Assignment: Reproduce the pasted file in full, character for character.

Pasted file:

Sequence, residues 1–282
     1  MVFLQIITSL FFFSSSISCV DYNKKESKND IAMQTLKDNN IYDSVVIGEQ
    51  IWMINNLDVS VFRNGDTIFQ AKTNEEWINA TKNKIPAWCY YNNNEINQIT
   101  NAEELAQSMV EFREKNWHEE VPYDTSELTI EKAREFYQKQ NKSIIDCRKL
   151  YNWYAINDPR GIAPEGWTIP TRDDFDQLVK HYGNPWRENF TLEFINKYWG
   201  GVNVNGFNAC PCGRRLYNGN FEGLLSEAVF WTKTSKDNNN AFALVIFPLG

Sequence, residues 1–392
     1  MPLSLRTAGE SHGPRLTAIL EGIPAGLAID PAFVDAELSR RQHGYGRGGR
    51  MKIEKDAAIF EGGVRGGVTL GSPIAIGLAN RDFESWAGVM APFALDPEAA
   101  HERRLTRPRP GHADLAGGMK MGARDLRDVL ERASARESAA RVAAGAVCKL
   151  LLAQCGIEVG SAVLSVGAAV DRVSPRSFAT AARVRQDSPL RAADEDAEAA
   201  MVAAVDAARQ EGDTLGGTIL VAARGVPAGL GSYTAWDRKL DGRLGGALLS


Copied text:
Sequence, residues 1–282
     1  MVFLQIITSL FFFSSSISCV DYNKKESKND IAMQTLKDNN IYDSVVIGEQ
    51  IWMINNLDVS VFRNGDTIFQ AKTNEEWINA TKNKIPAWCY YNNNEINQIT
   101  NAEELAQSMV EFREKNWHEE VPYDTSELTI EKAREFYQKQ NKSIIDCRKL
   151  YNWYAINDPR GIAPEGWTIP TRDDFDQLVK HYGNPWRENF TLEFINKYWG
   201  GVNVNGFNAC PCGRRLYNGN FEGLLSEAVF WTKTSKDNNN AFALVIFPLG

Sequence, residues 1–392
     1  MPLSLRTAGE SHGPRLTAIL EGIPAGLAID PAFVDAELSR RQHGYGRGGR
    51  MKIEKDAAIF EGGVRGGVTL GSPIAIGLAN RDFESWAGVM APFALDPEAA
   101  HERRLTRPRP GHADLAGGMK MGARDLRDVL ERASARESAA RVAAGAVCKL
   151  LLAQCGIEVG SAVLSVGAAV DRVSPRSFAT AARVRQDSPL RAADEDAEAA
   201  MVAAVDAARQ EGDTLGGTIL VAARGVPAGL GSYTAWDRKL DGRLGGALLS